I had the distinct privilege of hearing Billy Collins at the Porter’s Call Evening of Stories last year. I was already a fan, but to hear him articulate the poems–his cadence, the pregnant pauses–was remarkable. Mike gifted me with this new collection of old and new poems for Christmas. On AUDIO. In the poet’s own voice! I have listened to it over and over. It is a spectacular collection of Collins’ work anyway–funny, poignant, clever–but completely irresistible when he reads them to me. If you are unsure of poetry, start here.

 

Writing Down the Bones: Freeing the Writer Within, Natalie Goldberg

This book has been on my list of candidates for a while, but this year my friend Nina put it in my hand. Thank you, Nina!! Clean, concise, and chock full of brilliance. If you are a writer or you want to be, you need this book. One of the best I have read on the craft.

 

I Thought It Was Just Me (But It Isn’t), Brene Brown

It is difficult for me to imagine any human alive who will not find herself in this book. Brene Brown has done years of research on shame and she uses her discoveries to help us build “shame resilience.” She understands that as long as we are alive, we will encounter experiences that shame us. It is what we do with that shame that determines whether we become captive to it or move past it. I read this one with bosom friends, and we laughed and cried our way through it with lots of “oh no!”s and “me too”s. You can get a taste with her Ted talk which has over 12 million views to date. Yep, it’s that good.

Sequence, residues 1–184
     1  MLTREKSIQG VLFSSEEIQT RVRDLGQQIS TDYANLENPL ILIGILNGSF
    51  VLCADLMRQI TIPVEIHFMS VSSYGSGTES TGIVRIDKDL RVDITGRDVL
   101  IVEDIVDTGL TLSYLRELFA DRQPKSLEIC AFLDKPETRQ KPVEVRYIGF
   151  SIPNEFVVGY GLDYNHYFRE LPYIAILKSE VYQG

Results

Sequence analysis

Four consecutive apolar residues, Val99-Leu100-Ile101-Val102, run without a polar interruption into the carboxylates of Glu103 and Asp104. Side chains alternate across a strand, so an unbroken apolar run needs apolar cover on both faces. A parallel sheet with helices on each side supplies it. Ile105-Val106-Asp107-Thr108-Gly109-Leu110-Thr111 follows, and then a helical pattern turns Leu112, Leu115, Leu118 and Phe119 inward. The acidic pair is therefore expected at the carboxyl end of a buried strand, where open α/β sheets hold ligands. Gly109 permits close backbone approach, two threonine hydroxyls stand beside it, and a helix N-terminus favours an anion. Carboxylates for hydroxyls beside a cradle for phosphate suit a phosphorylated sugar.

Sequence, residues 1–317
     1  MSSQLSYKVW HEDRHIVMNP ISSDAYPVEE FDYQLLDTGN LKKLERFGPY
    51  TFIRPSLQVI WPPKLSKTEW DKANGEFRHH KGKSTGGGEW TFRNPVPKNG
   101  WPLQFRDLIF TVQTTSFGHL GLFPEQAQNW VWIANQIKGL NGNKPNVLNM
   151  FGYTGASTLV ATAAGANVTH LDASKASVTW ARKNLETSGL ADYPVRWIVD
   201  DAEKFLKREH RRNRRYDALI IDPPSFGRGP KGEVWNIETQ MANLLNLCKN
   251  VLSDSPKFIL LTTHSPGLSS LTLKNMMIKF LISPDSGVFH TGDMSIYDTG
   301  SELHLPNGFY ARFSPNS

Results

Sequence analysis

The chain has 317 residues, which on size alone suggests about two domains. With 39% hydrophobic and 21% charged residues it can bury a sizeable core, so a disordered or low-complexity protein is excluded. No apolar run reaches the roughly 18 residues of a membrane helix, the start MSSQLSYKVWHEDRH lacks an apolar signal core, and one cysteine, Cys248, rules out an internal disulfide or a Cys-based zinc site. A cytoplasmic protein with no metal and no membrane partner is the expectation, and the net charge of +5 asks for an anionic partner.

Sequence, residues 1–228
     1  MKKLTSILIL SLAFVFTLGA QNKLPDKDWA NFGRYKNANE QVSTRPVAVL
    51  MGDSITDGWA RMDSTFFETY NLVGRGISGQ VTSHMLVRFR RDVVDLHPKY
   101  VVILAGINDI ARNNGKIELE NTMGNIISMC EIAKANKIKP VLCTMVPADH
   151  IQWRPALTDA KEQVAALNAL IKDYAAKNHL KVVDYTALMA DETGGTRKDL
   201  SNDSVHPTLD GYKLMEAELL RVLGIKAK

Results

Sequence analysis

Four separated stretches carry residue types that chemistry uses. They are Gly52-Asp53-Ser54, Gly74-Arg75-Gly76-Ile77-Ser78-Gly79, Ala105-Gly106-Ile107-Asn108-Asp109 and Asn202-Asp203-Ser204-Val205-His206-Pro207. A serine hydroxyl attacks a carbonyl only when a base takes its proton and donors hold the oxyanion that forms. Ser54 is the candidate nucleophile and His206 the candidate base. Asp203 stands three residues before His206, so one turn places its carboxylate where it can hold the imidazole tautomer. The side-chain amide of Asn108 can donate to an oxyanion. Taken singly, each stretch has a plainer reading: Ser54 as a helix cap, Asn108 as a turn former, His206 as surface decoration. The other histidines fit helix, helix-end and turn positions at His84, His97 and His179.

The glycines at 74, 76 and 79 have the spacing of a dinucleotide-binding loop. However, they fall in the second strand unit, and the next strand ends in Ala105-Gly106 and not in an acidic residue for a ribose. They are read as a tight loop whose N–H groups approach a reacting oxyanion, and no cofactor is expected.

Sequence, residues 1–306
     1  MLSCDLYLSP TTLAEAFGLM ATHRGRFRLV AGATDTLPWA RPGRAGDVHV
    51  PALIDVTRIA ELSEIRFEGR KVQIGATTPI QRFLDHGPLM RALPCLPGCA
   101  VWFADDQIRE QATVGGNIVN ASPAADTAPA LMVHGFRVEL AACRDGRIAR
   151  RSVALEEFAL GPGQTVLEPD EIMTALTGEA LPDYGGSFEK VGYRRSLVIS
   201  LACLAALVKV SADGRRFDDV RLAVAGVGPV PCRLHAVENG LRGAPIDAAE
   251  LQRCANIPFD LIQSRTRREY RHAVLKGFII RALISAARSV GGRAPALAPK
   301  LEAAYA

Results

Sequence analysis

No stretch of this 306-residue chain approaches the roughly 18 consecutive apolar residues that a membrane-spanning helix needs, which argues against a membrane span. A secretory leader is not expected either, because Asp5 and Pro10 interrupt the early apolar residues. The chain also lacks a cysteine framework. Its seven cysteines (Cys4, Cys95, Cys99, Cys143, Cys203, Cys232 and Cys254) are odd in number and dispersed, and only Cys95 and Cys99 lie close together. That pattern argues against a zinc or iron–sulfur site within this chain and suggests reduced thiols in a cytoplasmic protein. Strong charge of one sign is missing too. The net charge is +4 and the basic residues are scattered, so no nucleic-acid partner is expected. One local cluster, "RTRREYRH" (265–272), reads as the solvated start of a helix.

Tuesday’s With Morrie, Mitch Album

It took me a while to get around to reading the bestselling memoir of all time. I think I was suspicious of the fact that so many people liked it. :/ But when my friend Julie recommended it, I decided to check it out. Thank you, Julie!! Mitch Album spends several months of Tuesdays with his old college professor, Morrie, who is dying. Morrie has always been wise man. A man of examination and thought. But death sharpens that vision and helps him see with even keener perception. This is, in some ways, a book about dying. But it is much more a book about really living.

 

Gilead, Marilynne Robinson

I read several books this year by Marilynne Robinson after Christian Wiman tempted me with excerpts in his book. They were all very good, but this was my favorite. Apparently the Pulitzer committee and I are in agreement. John Ames is 76 and knows he will not live to see his 7 year old son reach adulthood–a beloved, unexpected son of a sweet, unexpected second marriage–so he writes a book for his son telling of the life he has lived, the people that have mattered to him, and what all means in so far as he understands it. This narrative is woven in and out of these precious last days he is living with his beloveds. It is a tender, beautiful story told in clean, spare prose.

 

Jayber Crow, Wendell Berry

“You have been given questions to which you cannot be given answers. You will have to live them out—perhaps a little at a time.”